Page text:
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Thoughts on Dialogue

Thoughts on Dialogue

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Published by Aipod Green

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Published by: Aipod Green on Dec 20, 2010
Copyright:Attribution Non-commercial


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Ask Marilyn
 by Marilyn Vos Savantreprinted with permission of Marilyn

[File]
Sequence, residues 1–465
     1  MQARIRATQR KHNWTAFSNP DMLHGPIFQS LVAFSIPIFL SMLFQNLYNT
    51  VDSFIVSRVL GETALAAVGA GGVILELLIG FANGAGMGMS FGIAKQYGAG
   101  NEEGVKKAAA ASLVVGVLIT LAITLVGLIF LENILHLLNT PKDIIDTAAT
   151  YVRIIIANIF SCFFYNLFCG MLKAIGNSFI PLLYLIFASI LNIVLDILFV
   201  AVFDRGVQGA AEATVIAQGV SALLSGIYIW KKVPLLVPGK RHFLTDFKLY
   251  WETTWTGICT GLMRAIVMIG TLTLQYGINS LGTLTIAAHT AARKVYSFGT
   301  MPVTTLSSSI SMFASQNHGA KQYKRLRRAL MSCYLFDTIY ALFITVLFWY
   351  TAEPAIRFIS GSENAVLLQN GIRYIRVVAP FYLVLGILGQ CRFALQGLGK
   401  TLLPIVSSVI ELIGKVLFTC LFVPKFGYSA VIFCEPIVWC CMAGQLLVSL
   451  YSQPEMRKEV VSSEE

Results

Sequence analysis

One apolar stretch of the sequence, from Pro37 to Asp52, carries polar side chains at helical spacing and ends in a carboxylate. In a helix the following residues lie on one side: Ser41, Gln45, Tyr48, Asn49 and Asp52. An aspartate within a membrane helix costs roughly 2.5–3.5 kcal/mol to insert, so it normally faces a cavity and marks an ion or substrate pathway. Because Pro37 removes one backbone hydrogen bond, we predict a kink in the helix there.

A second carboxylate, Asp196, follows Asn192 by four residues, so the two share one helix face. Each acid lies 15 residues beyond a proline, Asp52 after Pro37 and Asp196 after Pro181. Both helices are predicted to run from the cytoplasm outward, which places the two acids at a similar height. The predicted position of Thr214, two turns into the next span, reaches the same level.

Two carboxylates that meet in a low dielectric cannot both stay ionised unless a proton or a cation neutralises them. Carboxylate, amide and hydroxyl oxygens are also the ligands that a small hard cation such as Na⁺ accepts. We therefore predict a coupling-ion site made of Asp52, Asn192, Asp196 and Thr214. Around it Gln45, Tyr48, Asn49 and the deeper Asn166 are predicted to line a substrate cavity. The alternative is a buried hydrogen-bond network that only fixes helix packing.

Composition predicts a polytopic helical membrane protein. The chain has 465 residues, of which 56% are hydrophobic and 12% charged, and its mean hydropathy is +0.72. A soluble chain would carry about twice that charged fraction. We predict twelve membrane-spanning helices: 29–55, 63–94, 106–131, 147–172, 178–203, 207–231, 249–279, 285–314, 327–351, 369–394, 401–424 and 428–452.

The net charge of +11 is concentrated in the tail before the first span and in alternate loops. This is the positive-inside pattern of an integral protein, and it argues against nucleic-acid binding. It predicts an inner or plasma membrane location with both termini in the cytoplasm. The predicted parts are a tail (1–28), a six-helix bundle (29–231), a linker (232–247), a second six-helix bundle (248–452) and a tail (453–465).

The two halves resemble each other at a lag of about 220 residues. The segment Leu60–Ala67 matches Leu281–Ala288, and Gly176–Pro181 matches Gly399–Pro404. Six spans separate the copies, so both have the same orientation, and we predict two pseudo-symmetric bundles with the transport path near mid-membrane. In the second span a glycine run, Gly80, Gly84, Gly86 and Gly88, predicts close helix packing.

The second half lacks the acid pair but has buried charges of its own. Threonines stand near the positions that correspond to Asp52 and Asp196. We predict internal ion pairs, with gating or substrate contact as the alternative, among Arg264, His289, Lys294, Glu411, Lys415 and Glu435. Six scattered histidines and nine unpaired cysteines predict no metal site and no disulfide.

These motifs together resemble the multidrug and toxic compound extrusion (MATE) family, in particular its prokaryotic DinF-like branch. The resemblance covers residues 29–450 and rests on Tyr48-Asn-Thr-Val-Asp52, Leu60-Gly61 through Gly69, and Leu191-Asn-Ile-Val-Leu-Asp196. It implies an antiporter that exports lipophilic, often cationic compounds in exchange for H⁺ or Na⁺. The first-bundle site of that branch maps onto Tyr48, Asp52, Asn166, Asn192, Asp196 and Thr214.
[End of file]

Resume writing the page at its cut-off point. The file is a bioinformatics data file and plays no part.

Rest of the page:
Is "falling in love" nothing more than a cruel biochemical trap? The chemicals responsible for the wonderfulfeeling we call "love" evaporate after a year or two, leaving us wondering what happened. During that time,many of us have married, produced a child, altered career paths and bound ourselves to someone in whom wethen lose interest. Under what conditions does "love" survive this chemical exit? Is there any way to tell earlyon what's going to happen? Or did our caveman ancestors, who apparently practiced serial monogamy, dowhat we are really designed to do. As a young female biologist who used to be happily romantic, I have become hopelessly cynical about the situation. Can you help? What is romantic love anyway?M.G. Pittsburgh, Pa.I think that romantic love is essentially all psychological in origin and that it's the presence of this attitude that produces the chemicals that send us soaring. After all, if those reactions were produced by casual physical proximity, we'd be easily attracted to all sorts of people who just happened to be nearby, and we know that'snot the case.For example, suppose a bear is crouched outside our front door, and we don't know that. If we merelyapproach the door, nothing will happen. But if we open the door, our psychological reaction will bring us oneheck of a chemical jolt. Our mental processes turn on the body chemistry. Now suppose there's just a stray dog out there. We may still have a chemical reaction, but it'll probably be aweaker one. And it may be a positive reaction. Our attitude toward stray dogs -- and this particular one -- willmake the difference. Humans are unique among animals: Our incredibly powerful minds mediate our  behavior.So I believe we become psychologically interested in another person for a multitude of individual reasons, andif the interest becomes intense, then chemistry begins to take part. But we need that attitude first. Together, Ithink, those two essentials -- psychology plus biology -- constitute what we call "romantic love."Unhappily, if psychological interest wanes, chemical reactions will wane too.This alone is a reason for long engagements. Much interest will ebb within a year or two. And, for many, itwill continue to diminish with each passing year. If love remains, it will be either the friendly or the familialkind. So, after a long engagement, if the kind of love left is sufficient -- a precursor of the situation to come --we can go ahead and get married. And as the married years go by, if this love is positive enough to satisfy us,we'll stay married.This doesn't mean we'll be fulfilled. Consider what tends to happen when someone falls out of love psychologically. Without children, there are fewer obstacles. With them, at least the partners will have thekids as a common interest. (This is why so many marriages become stale after the children grow up and moveout of the parental home. Some marriages may even become unstable if and when the kids lead truly separateadult lives.)

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